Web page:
Endometriosis is a chronic painful disease that is more common than you think.
Signs and symptoms of endometriosis? (En·do·me·tri·o·sis) and what you need to know
- Pain (usually pelvic) that usually occurs just before menstruation and lessens after menstruation.
- Painful sexual intercourse.
- Cramping during intercourse.
- Cramping or pain during bowel movements or urination.
- Pain with pelvic examinations.
- Endometriosis causes painful periods and pain with deep penetration during sex. Since it can form scar tissue adhesions on the ovaries, fallopian tubes, and uterus, it is often known to cause infertility in women. Endometriosis can be serious especially if it remains untreated.
Pelvic exam. During a pelvic exam, your doctor manually feels (palpates) areas in your pelvis for abnormalities, such as cysts on your reproductive organs or scars behind your uterus. Studies says it’s not possible to feel small areas of endometriosis, unless a cyst has form.
Left untreated, endometriosis can (however does not always) result in a range of symptoms, including: Dysmenorrhoea (pain during menstruation) Pelvic pain. Infertility (the inability to become pregnant) or subfertility (a reduced ability to become pregnant.
See your doctor if you have signs and symptoms that may indicate endometriosis.
Endometriosis can be a challenging condition to manage. An early diagnosis, a multidisciplinary medical team and an understanding of your diagnosis may result in better management of your symptoms.
Several factors place you at greater risk of developing endometriosis, such as:
- Never giving birth
- Starting your period at an early age
- Going through menopause at an older age
- Short menstrual cycles — for instance, less than 27 days
- Having higher levels of estrogen in your body or a greater lifetime exposure to estrogen your body produces
- Low body mass index
- Alcohol consumption
- One or more relatives (mother, aunt or sister) with endometriosis
- Any medical condition that prevents the normal passage of menstrual flow out of the body
- Uterine abnormalities
Endometriosis usually develops several years after the onset of menstruation (menarche). Signs and symptoms of endometriosis end temporarily with pregnancy and end permanently with menopause, unless you’re taking estrogen.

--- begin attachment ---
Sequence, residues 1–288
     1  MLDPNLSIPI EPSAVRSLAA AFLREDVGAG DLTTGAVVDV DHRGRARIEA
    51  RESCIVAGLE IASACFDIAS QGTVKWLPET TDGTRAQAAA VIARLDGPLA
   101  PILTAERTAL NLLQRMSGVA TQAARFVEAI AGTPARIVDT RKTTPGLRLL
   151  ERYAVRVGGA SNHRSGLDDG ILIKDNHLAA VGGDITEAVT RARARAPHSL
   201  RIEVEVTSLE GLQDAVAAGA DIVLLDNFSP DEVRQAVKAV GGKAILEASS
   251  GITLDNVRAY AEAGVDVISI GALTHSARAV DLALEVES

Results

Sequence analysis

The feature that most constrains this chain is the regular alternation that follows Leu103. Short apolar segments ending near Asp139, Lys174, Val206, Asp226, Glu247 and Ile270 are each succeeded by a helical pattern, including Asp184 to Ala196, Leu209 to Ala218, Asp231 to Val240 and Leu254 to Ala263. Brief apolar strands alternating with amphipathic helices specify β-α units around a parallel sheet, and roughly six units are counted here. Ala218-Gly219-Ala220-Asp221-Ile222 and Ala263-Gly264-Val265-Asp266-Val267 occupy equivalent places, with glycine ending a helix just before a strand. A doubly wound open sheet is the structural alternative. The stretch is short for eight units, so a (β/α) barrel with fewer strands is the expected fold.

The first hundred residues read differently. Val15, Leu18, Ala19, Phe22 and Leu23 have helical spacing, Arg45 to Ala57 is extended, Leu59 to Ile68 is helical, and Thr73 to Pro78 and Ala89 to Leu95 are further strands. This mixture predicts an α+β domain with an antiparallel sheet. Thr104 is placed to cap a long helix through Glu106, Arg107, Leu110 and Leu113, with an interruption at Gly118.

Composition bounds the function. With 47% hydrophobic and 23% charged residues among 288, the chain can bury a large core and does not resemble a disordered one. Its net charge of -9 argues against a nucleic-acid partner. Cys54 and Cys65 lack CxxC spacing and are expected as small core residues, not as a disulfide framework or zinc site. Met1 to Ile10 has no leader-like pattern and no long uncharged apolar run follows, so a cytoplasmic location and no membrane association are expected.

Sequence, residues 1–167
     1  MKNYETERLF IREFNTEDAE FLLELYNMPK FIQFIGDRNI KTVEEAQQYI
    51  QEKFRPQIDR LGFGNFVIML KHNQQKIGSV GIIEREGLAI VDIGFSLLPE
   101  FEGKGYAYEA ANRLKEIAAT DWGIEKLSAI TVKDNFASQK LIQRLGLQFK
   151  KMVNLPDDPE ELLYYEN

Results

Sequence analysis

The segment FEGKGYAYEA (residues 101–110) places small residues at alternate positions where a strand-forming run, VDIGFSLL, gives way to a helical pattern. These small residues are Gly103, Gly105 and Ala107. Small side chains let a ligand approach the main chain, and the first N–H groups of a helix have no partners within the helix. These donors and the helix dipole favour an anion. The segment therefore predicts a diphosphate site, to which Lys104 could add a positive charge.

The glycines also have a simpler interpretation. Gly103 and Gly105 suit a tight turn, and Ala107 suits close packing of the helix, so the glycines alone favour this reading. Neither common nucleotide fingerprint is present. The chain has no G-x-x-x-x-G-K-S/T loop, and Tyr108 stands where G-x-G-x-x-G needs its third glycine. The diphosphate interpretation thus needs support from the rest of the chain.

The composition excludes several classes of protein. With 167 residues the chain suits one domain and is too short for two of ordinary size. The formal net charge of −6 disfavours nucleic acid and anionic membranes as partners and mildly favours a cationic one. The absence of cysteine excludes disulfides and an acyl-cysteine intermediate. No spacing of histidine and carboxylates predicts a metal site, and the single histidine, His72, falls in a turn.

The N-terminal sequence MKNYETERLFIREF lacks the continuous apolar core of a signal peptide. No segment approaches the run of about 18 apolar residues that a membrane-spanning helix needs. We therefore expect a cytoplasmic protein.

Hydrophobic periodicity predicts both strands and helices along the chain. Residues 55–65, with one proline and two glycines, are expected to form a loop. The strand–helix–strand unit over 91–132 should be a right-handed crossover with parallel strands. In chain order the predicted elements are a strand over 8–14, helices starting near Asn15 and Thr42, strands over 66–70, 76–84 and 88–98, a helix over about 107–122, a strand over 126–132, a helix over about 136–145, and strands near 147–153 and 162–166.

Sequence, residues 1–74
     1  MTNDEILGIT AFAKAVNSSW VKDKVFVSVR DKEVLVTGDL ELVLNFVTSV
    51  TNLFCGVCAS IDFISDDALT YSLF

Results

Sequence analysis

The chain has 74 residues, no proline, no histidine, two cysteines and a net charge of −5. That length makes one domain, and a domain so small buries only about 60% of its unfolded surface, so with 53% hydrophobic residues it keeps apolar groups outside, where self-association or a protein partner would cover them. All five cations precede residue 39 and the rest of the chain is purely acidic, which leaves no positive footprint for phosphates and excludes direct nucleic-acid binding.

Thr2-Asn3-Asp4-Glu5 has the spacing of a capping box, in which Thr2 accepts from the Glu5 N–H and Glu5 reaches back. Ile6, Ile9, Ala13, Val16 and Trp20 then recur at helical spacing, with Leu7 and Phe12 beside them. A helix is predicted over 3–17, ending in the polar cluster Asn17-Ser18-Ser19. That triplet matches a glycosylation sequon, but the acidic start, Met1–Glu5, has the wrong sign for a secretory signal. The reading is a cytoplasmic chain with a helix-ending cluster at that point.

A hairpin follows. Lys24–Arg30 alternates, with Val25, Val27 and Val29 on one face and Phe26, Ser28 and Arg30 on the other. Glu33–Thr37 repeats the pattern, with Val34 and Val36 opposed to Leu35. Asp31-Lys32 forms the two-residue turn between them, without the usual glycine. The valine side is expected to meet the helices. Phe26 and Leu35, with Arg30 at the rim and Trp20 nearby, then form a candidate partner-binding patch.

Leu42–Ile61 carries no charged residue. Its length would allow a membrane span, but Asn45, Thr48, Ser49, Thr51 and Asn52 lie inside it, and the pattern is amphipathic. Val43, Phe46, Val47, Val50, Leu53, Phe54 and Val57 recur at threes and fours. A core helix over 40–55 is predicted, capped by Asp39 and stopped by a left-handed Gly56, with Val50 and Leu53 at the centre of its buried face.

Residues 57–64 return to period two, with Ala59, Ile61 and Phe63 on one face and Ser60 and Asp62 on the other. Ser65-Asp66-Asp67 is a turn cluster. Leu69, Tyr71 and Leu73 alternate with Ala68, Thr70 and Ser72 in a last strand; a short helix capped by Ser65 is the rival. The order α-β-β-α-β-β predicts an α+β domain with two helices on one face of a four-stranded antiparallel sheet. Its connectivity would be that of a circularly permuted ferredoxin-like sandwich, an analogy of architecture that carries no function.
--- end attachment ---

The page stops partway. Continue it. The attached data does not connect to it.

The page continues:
8 Diet changes which might aid in managing Endometriosis.
- Increase Your Intake of Omega-3 Fats. Share on Pinterest
- Avoid Trans Fats
- Cut Down on Red Meat
- Eat Plenty of Fruits, Vegetables and Whole Grains
- Limit Caffeine and Alcohol
- Cut down on Processed Foods
- Try a Gluten-Free or Low-FODMAP Diet
- Soy May Be Beneficial
Can endometriosis heal on its own? In certain cases, symptoms may simply go away. About one-fourth of women with mild endometriosis will find that their symptoms will resolve on their own.
Foods that could have a positive affect endometriosis
- Fibrous foods, such as fruits, vegetables, legumes, and whole grains.
- Iron-rich foods, such as dark leafy greens, broccoli, beans, fortified grains, nuts, and seeds.
- Foods rich in essential fatty acids, such as salmon, sardines, herring, trout, walnuts, chia, and flax seeds.
Getting rid of Endometriosis
Conservative surgery aims to remove or destroy the deposits of endometriosis and is usually done via a laparoscopy (keyhole surgery). The surgeon can either cut out the endometriosis (known as excision) or destroy it using heat or laser. Although surgery can provide relief from symptoms, they can recur in time.
- Heat. If your symptoms are acting up and you need relief, heat is one of the best home remedies you have at your disposal.
- OTC anti-inflammatory drugs.
- Castor oil.
- Choose anti-inflammatory foods.
- Pelvic massages.
- Ginger tea.
My personal story regarding Endometriosis. I was living in Denver, Colorado when I started having extreme pain in my abdominal area. I decided to visit a women’s health clinic. But after doing so, they couldn’t find anything wrong with me.
With time the pain persisted making it very difficult to walk, stand for long periods of time, or be intimate. Within a months time, I made my way back to Arizona. Immediately making an appointment with my gynecologist, who was able to diagnose my symptoms right away.
My option to receive a shot every three months to help reduce the pain felt like a good one at the moment, until my hair started falling out and the weight gain horrified me.
After the first three months I decided against the injections. I couldn’t bare the thought of being a obese bald headed woman. My locks were everything to me, and the very thought of not being the most beautiful me I felt I could be, would affect my mind set in a most terrifying way. It was an image I wasn’t willing to adapt to.
But as God would have it, I seem to be healed. The pain was no more! It was the best decision I ever made, to quit the injections every three months.
Remember that Endometriosis requires a medical diagnosis. The most common symptoms are pain and menstrual irregularities
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